Most articles about Colin Forbes focus on the founding of Pentagram. Which he did. So if you want the full story about that, there is a website surprisingly devoted just to Pentagram. But, I am surprised how quickly that story takes the lead. For me, his work is the big story. It’s smart. Period. It’s not clever in a “isn’t that cute and clever,” way. It’s intelligent and connects with viewer on many levels. This isn’t easy. I can make something that’s clever: it’s an “I” and an exclamation point at the same time. I can make something smart: chart 1 leads to the text determining a desired response. And I can make something beautiful: Oooh, those orange poppies in a mass on a purple background look great.
It’s hard to do all three things at once. Forbes’ work doesn’t fall back on hackneyed clichés or overly rational, yet dull, presentations. It connects with us emotionally, and provides a pay-off of understanding combined with joy.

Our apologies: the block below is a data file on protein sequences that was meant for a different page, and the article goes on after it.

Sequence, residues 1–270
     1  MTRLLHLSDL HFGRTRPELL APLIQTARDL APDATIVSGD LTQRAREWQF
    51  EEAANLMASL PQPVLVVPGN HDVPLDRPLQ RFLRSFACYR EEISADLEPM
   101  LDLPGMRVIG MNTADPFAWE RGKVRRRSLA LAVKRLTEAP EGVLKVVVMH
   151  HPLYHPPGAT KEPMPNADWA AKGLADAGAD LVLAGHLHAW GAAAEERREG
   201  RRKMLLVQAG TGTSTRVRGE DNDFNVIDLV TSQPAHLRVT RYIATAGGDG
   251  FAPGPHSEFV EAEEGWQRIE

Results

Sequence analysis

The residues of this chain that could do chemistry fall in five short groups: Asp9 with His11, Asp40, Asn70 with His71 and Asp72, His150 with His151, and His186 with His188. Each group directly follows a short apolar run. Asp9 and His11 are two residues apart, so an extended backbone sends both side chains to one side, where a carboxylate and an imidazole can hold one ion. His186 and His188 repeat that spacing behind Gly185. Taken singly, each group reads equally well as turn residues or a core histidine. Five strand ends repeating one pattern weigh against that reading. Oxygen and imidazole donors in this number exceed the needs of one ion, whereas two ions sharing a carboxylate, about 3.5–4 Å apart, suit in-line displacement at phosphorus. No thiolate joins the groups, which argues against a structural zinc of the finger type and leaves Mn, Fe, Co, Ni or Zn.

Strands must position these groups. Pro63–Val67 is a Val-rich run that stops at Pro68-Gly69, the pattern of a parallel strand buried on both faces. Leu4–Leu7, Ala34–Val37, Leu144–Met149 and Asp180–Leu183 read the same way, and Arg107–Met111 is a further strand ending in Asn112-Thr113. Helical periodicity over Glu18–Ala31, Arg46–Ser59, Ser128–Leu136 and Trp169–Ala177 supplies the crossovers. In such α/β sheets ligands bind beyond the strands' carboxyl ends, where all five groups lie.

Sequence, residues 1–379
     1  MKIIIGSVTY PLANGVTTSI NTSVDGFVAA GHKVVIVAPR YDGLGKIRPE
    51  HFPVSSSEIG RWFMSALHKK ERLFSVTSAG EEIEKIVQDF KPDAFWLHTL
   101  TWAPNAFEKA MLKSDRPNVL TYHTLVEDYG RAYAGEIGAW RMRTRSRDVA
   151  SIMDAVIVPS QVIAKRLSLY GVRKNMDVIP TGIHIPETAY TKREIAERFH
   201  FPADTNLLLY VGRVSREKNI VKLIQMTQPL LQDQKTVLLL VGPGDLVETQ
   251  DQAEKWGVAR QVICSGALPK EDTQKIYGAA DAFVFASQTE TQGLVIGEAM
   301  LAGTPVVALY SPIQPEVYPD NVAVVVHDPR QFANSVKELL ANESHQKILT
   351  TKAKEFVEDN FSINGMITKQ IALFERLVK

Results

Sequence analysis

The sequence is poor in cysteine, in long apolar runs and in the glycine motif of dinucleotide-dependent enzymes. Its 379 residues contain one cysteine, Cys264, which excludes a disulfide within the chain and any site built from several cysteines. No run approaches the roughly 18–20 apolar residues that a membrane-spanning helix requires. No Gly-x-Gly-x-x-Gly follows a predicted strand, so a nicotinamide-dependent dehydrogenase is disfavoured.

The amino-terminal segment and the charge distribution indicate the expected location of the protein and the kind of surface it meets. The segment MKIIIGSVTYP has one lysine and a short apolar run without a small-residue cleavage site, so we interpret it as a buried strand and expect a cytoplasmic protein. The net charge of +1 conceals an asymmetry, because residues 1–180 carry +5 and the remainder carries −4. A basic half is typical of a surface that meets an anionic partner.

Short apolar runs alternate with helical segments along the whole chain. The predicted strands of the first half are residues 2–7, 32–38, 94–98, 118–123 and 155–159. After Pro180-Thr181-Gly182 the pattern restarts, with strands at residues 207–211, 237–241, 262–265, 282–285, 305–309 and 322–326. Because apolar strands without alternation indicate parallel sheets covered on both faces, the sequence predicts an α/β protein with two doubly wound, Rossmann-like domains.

Forbes changed the business of a design practice, and was a successful and lauded AIGA President. However, his most important contribution is his ability to make great design look effortless and provide delight. There is a wall at the AIGA National Design Center that has portraits of all AIGA Presidents. When I first saw my photo up there I had two reactions. First, do my eyes look cross-eyed in that photo? And second, how in the hell did I end up on the same wall as Colin Forbes. His eyes don’t look cross-eyed.